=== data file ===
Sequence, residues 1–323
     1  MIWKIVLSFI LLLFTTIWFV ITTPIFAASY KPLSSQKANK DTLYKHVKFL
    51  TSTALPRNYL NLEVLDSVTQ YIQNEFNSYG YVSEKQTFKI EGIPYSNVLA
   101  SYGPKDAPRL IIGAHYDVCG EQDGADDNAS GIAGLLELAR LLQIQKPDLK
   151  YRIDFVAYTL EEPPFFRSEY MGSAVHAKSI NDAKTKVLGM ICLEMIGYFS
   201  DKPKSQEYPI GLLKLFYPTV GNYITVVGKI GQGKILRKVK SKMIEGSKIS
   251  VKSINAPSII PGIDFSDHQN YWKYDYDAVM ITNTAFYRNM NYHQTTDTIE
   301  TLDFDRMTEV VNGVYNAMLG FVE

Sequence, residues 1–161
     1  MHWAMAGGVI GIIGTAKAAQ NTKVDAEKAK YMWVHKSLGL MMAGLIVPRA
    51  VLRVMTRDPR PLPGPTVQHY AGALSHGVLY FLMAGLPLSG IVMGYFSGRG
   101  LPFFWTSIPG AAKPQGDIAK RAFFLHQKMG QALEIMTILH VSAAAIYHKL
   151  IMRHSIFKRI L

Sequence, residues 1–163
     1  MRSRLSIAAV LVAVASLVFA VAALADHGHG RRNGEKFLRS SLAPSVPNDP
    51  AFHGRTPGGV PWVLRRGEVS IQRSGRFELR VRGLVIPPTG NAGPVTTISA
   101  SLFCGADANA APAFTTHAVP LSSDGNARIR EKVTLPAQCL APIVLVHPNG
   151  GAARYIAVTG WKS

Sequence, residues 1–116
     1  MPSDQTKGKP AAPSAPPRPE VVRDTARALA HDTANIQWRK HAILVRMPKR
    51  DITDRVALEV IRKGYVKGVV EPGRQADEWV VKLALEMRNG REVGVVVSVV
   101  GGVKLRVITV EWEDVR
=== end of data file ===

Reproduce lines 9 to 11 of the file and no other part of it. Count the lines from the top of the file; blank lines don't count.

Sequence, residues 1–161
     1  MHWAMAGGVI GIIGTAKAAQ NTKVDAEKAK YMWVHKSLGL MMAGLIVPRA
    51  VLRVMTRDPR PLPGPTVQHY AGALSHGVLY FLMAGLPLSG IVMGYFSGRG